‘I can see you are going to ransack our lives to find a reason, but no, I cannot think of a reason. Peter was moody. Some days, most days, he was pleasant, considerate, happy.  Other days he seemed irritable, silent, brooding, but I suppose we all go through ups and downs.’
‘He didn’t give a reason for those down days?’
‘No, he wouldn’t discuss them. Said it was nothing to be concerned about.’
‘Had they become more frequent?’
Mrs Thwaite paused as if a sudden awareness had dawned.
‘Well, yes, I suppose they had. This last month he has seemed to have had them more often.’
‘But you can’t think of any reason. No financial worries?’
‘No, Peter has a good salary from the bank. And I contribute a bit – I have a job in a store in town – so we don’t have any need to be concerned about money. Peter works hard, that’s why I was surprised.’
‘What surprised you?’
‘Well, that he was home. He usually works later than me on a Friday. But I got home and I could hear the engine running in the garage. The outside door was closed so I came in and went through the kitchen to the garage and when I opened the door…Well!’
‘Well what?’
‘The smell of smoke from the engine. It filled the garage. I didn’t know what to do. I wanted to close the door and get away so I could breathe, but I realised that the engine should be turned off. I didn’t understand it. I covered my face with my hanky and ran to the car and that was when I saw Peter.’
‘How was he?’
‘He was lying back in the front seat with the hose poking through the window.’
‘I see. It must have been a great shock.’
Mrs Thwaite bit her lip to stop it trembling and James could see more tears forming in her eyes. She nodded slowly.
‘You think that Mr Thwaite, Peter, arranged it himself. That he intended to kill himself.’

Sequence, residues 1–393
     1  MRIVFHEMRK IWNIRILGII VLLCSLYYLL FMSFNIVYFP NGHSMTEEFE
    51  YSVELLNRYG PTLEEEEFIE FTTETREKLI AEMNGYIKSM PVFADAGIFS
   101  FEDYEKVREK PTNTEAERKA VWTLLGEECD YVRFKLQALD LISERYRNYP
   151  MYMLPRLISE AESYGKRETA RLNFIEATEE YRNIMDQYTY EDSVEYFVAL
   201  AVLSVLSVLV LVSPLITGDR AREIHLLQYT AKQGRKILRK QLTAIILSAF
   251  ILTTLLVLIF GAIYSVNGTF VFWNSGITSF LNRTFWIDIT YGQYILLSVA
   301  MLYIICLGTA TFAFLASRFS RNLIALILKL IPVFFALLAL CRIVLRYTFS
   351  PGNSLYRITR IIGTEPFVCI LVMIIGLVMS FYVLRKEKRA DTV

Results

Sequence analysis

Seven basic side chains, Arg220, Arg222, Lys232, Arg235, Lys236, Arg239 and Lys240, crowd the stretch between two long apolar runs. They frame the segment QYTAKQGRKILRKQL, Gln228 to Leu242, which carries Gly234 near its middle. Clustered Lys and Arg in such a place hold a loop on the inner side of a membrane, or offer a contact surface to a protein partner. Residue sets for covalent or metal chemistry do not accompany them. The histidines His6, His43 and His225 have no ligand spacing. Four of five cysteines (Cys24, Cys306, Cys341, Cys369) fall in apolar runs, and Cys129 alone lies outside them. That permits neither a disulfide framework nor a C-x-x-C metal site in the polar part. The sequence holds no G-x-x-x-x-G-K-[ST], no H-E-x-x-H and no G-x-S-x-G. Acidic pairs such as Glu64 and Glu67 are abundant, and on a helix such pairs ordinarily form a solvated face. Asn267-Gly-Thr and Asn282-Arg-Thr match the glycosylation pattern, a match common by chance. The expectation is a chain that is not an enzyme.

She looked up James, with a look of incomprehension.
‘How else could it have happened? It wasn’t an accident that the hose was attached to the exhaust pipe.’
‘No, it wasn’t an accident,’ James said.
PC Barnett frowned at him. She thinks I’m handling this badly, James thought. Perhaps I am but how can I let on that I know something that the wife, who’s known him years and years, doesn’t. He tried again.
‘Was there anything that happened today that could have put Mr Thwaite into a bad mood?’  Bad enough to kill himself, James nearly added.
Mrs Thwaite shook her head.
‘It was a fairly normal morning. We had breakfast. Peter went into his study then off to work – he walks. I had to take my car to the garage for a service. I should have gone to pick it up by now. Then I walked into town to work too.’
‘He didn’t get any post, email, telephone call that might have disturbed him?’
‘I don’t think so. He didn’t mention anything.’
‘Hmm. Thank you Mrs Thwaite. I’ll leave you with PC Barnett for now. I’ll see what my partner is up to. You say I can get into the garage through the kitchen?’
‘That’s right.’ The woman remained sitting upright on the sofa, a glazed expression on her face.
James stepped towards the open door but paused.
‘Oh, if you think of anything we should know, tell PC Barnett. I’ll speak to you again soon.’
James walked along the hall, into the bright, modern kitchen and through an open door into the garage. It had a window onto the back garden but the lights were on and members of the SOC team were setting up more powerful spotlights. It was a long garage, but narrow. Most of the space was taken up by the brown Rover 2000. A G reg., James noted. The bodywork of the car gleamed in the lights, reflecting the work put in by Peter Thwaite.  A white-overalled figure was leaning in through the open driver’s door. James recognised the portly figure of Dr Patel, the pathologist. Tom Shepherd was standing at the back of the car watching.
‘What does the Doc say then?’ James said as he looked around.
‘Straightforward case. Used to get more of these before the days of catalytic converters on cars. They’ve cleaned up the exhaust so it takes longer to knock yourself out.’
‘But these old Rovers don’t have them.’
‘Nope. Would have finished him off in a few minutes. Mind you he would have been coughing his guts up before he went out.’
‘No chance that someone else could have set it up to look like suicide?’
Tom stared at James, wide-eyed.
‘Why on earth do you suggest that?’
‘Well, you know. Checking all the possibilities.’
‘I suppose the SOCOs will dust the hose and the car for fingerprints but I don’t imagine they’ll find any other than his, the poor sod.’
‘So that’s it then. A simple suicide.’
‘Yeah. Guy had enough and the car provided a handy method. Straightforward.’
James wasn’t so sure.